For example, a friend who is offered something they desire (or is threated with the loss of something they desire) at the expense of betraying your friendship. That is being put to the test.

Or a friend who is put under social pressure to shit talk you, or is made to feel embarrased to be your friend by other shit talkers. Whether they put up resistance to that social pressure or not is a test.

Or a friend who hears bad things about you. Whether they confront you to confirm the truth of those things, in a direct and straightforward way, is a test.

In general: the first time a friend must act against their interests, or put up meaningful resistance against attacks against your friendship, is the first time you know if they are worth a damn.

And that blade cuts two ways.

If you consider yourself a good friend to another person, you must be prepared and willing to stand up to all of these tests, too. If you are not, you should not allow that person to think of you as a friend in any real sense of the word.

Friendship should be able to hold water, take hits, and endure trauma. To fly through turbulence and shake itself out. And it should be willing to confront doubts and work through them, fearlessly.


Test all your relationships, and adjust them based on the results.

As for how to test? That could obviously be done in the wrong way, and care needs to be taken. You don't want to manufacture dramas, provoke arguments out of thin air, or throw out random abuse as "tests" — that is close to what Picasso did, but Picasso was a bit of an arsehole.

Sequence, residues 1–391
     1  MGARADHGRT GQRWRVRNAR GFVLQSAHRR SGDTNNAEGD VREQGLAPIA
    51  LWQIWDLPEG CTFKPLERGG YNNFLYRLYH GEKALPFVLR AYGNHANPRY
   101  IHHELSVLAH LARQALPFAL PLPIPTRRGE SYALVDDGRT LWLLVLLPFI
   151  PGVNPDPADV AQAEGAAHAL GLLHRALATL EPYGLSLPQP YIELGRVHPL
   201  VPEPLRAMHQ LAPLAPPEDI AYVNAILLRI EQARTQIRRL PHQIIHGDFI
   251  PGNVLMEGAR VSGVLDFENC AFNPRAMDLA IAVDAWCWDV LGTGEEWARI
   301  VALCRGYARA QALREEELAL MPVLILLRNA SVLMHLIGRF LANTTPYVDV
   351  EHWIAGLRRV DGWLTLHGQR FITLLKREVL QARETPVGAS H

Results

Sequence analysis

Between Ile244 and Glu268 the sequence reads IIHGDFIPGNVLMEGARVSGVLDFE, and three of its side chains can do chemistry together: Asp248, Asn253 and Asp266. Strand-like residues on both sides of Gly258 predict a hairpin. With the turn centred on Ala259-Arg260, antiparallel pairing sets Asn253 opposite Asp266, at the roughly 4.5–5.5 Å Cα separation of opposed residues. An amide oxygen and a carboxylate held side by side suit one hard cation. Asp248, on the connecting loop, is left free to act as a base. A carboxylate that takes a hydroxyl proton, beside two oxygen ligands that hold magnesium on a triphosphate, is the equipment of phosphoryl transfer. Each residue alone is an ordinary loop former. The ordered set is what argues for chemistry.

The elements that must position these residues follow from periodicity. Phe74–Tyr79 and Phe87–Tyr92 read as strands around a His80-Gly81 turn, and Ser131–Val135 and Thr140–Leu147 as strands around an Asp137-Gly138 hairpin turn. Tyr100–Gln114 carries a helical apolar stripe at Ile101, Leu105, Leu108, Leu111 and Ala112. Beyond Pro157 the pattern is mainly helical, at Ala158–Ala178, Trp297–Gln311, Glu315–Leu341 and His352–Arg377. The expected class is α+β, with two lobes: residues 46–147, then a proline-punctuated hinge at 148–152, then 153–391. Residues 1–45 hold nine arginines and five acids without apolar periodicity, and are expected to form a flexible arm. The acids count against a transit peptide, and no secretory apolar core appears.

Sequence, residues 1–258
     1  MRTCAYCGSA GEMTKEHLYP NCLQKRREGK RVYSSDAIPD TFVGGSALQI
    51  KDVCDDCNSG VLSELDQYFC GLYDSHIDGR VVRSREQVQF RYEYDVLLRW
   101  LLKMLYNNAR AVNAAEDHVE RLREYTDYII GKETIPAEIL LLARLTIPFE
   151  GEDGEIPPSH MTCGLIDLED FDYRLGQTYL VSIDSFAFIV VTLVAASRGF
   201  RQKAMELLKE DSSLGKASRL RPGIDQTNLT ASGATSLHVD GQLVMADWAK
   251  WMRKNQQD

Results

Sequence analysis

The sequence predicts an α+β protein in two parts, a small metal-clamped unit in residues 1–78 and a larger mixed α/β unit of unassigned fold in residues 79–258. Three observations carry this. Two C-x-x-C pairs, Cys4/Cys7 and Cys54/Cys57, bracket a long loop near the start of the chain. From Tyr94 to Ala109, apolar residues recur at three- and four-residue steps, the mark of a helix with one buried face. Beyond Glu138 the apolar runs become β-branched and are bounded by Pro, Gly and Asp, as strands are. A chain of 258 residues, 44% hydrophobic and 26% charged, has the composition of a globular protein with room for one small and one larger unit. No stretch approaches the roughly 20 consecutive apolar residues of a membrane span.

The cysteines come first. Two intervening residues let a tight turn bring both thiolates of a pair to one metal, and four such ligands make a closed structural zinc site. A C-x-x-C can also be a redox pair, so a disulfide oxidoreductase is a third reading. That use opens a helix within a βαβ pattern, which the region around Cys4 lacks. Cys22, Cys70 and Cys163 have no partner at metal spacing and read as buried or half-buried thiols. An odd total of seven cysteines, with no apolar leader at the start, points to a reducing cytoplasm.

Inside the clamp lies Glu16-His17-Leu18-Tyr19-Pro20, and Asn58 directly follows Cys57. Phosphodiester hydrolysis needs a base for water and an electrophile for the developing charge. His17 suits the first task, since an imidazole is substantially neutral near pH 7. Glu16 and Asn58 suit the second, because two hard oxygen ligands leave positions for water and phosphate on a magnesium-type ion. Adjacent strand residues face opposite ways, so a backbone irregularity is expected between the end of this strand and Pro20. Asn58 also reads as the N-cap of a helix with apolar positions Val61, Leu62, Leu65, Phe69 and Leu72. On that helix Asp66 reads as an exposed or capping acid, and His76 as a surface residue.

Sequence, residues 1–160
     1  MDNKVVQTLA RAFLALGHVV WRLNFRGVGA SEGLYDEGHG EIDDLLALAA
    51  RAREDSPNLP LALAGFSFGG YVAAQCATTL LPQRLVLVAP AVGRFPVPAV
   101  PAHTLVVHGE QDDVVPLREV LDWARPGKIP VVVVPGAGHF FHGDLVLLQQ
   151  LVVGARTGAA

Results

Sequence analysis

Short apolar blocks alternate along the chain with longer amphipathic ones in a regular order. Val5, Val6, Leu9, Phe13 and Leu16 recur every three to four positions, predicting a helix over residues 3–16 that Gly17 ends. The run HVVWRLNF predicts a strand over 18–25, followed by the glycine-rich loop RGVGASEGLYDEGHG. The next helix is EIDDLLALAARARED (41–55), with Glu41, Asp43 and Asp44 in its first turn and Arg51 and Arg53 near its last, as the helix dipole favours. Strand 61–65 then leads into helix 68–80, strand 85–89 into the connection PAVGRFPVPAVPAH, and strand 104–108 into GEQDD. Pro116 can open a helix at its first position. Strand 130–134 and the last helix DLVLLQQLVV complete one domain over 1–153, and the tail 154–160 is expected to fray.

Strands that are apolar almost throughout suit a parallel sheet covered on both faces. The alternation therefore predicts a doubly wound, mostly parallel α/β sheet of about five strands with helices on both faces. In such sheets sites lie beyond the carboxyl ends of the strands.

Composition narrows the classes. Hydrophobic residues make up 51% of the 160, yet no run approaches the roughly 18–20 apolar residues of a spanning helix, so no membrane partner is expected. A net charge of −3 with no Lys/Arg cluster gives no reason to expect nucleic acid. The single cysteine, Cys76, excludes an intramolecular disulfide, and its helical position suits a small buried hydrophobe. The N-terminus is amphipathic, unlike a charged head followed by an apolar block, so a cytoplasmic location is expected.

At the least, look out for situations in life that will naturally test your relationships, and hope they come as soon as possible. And when life throws up such situations, do not run away from them — they are priceless.

And if a relationship has not been tested, be accutely aware of this fact. Consider it something less than true friendship, and something more like potential friendship. An unknown quantity, still to be proven.

As for the friendships that were tested, and failed the test spectacularly? Maybe there can be reconciliation, but only a fool would pretend it never happened.


James Lanternman writes movie reviews, short fiction, essays, and nonsense (politics). Reach him at [email protected], or follow on Twitter.